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Wednesday, August 11, 2010

Farm:Table Is a Small, Beautiful Thing

Posted By on Wed, Aug 11, 2010 at 2:26 PM

click to enlarge Yesterday's hard-boiled egg at Farm:Table ($6.50). - JONATHAN KAUFFMAN
  • Jonathan Kauffman
  • Yesterday's hard-boiled egg at Farm:Table ($6.50).

Farm:Table is too small for a review. At 280 square feet, it's too small for a birthday party, too small for Saturday brunch rush ― too small for adulation, even. There is one indoor table, square and solid, that fits seven at the most, plus a few cafe tables outside. The cockpit of a tank is bigger than the kitchen/coffee station where three cooks and baristas maneuver around one another. And both the a.m. and p.m. menus consist of three dishes apiece; the list fits on a chalkboard, as well as a couple of tweets. (The weekend brunch menu has a few extra dishes, I'm told.)

And yet the cafe is a wonder in miniature.

click to enlarge JONATHAN KAUFFMAN
  • Jonathan Kauffman
Kate and Shannon Amitin, who opened Farm:Table in May 2009, used to work at Blue Bottle (she managed the Ferry Building kiosk, he was a roaster). They used to live in the Castro, too, but after finding this space they fell for the Tendernob and moved to the neighborhood. "It feels the most urban of the San Francisco neighborhoods," Kate says. "I can't say enough good things about living here."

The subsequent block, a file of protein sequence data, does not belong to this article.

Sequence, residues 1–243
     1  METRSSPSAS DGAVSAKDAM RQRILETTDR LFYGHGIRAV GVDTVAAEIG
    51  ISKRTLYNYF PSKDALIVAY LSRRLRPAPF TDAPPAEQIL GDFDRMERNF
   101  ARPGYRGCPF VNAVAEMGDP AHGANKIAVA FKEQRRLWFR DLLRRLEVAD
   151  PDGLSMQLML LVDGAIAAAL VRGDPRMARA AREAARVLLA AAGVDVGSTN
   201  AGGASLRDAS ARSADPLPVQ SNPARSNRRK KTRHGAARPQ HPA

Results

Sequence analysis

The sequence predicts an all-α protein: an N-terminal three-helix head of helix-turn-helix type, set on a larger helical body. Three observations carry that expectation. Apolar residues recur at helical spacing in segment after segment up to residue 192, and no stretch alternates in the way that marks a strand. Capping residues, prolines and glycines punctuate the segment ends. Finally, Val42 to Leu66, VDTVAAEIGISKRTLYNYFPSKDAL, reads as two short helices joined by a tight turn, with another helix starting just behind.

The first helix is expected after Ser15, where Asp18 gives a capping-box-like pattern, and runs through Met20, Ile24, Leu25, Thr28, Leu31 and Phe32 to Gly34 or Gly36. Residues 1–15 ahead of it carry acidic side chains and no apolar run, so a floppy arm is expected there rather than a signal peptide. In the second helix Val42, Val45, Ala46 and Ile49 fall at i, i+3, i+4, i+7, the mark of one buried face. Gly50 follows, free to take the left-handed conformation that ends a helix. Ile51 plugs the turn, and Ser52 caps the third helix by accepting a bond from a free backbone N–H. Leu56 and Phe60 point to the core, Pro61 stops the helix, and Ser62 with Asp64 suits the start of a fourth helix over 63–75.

Kate's food is precise and lovely without being precious, and most of the ingredients come from either the farmers' markets or Happy Boy Farms. The coffee's from Verve ― a favorite ― and despite the cafe's significant Yelplove, it isn't too crowded on a

weekday afternoon to sit down for an hour and read over a bowl of vegetable soup.

Kate hasn't been a chef, but I've been to the cafe a couple of times,

and her modest food tastes accomplished. Take these eggs ($6.50): Three

hard-boiled halves, perched on slices of whole-wheat baguette and

showered in Alison McQuade's

curry-gold habanero chutney, fine threads of radish, mild feta cheese,

and peppercress microgreens. Hard-boiled eggs can suck the flavor out of

any fragile-flavored ingredient, but the toppings were sweet-savory,

spicy, and three kinds of peppery. I normally hate hard-boiled eggs. I finished the plate.


Farm: Table: 754 Post (at Leavenworth), 292-7089.

Follow us on Twitter: @sfoodie. Follow me at @jonkauffman.

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